- Risk takers, entrepreneurs sometimes have to risk capital and their own time to try to create profits. They may remortgage the house, borrow from family and friends to pursue their business idea.
- Having creativity and being innovative, creativity in business means the ability tocome up with innovative ideas and concepts
- Being hard working, successful entreprenuers are, generally hard working, it is estimated that entrepreneurs in the UK work around 52 hours a week compared with the average 38 hours for an employed person.
- Being determined and having perseverance, entrepreneurs also need to be determined, as new businesses have low success rates. Entrepreneurs must also have considerable perseverance, and be willing to keep trying if initial fails
- Be an effective organiser, entrepreneurs have to organise effectively, considering factors like labour, buying inputs, raw materials etc.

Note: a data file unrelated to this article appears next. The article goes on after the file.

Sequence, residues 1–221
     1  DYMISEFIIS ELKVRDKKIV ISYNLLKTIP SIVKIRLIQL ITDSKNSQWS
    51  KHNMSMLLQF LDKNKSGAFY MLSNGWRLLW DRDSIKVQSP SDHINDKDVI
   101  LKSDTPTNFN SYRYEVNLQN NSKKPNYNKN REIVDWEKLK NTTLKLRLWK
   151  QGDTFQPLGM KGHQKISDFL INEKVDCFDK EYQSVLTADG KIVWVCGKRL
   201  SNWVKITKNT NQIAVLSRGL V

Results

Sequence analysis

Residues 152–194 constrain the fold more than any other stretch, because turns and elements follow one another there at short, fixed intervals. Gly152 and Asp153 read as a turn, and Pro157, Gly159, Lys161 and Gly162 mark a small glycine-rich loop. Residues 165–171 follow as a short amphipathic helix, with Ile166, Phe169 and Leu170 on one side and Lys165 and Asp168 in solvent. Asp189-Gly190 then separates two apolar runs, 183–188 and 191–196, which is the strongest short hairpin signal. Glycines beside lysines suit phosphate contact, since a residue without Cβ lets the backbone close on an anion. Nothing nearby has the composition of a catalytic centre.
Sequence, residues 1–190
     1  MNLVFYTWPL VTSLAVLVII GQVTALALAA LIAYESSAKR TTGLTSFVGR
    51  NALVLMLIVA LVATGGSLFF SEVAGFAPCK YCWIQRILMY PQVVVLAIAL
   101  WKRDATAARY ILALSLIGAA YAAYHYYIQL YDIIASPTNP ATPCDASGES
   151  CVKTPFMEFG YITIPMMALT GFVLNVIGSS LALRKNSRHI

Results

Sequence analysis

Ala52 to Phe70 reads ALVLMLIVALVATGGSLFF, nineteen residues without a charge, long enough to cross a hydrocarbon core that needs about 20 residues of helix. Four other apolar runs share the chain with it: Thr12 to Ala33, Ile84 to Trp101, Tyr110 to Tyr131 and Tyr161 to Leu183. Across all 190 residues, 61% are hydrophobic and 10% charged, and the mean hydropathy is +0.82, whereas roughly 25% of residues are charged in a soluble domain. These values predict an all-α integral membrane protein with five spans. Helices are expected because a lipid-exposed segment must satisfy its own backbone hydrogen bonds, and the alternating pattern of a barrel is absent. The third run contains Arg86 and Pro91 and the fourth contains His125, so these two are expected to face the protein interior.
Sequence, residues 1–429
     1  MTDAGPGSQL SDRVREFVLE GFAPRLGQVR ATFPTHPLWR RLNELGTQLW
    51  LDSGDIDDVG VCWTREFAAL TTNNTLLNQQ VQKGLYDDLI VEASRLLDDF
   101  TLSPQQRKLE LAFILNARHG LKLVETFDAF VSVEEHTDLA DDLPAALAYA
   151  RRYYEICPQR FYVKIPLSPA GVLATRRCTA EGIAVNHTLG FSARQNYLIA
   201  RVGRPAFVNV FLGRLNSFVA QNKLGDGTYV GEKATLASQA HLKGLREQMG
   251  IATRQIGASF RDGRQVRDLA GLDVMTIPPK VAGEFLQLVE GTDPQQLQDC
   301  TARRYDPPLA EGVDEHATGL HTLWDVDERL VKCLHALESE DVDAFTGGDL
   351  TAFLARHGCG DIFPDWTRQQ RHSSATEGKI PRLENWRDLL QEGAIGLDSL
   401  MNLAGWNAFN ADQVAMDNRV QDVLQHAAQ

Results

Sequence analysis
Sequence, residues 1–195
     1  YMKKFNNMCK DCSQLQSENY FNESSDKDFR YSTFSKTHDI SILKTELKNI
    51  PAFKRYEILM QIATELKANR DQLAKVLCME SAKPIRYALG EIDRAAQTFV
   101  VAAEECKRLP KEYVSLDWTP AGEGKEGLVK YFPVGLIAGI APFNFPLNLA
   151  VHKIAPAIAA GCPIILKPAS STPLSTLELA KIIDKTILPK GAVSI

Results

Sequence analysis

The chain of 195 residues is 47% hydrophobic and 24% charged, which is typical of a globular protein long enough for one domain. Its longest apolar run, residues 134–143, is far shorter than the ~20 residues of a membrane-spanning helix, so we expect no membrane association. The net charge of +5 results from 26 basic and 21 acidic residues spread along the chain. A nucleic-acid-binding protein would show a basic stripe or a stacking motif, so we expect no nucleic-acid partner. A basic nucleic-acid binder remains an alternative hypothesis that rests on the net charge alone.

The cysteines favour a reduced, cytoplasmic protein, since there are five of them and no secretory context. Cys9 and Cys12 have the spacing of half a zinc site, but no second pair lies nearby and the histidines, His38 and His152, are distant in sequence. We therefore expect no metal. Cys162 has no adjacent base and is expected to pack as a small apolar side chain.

What's included in a business plan?

- Executive summary, description of the business idea
- Marketing plan, market research into the needs of the business, size of the market, and the level of competition.
- Operations plan, Where the business will be located, production methods and any equipment needed. in addition, information on the costs of production and where the business will buy supplies may also be included.
- Human resources plan, Number of employees and the skills, experience and qualifications they require will be outlined.
- the financial plan, will include a sales forcast indicating potential revenues, a cash flow forecast for the first 12 months.
- a profit and loss and balance forecast for the end of the first year.
- a break even analysis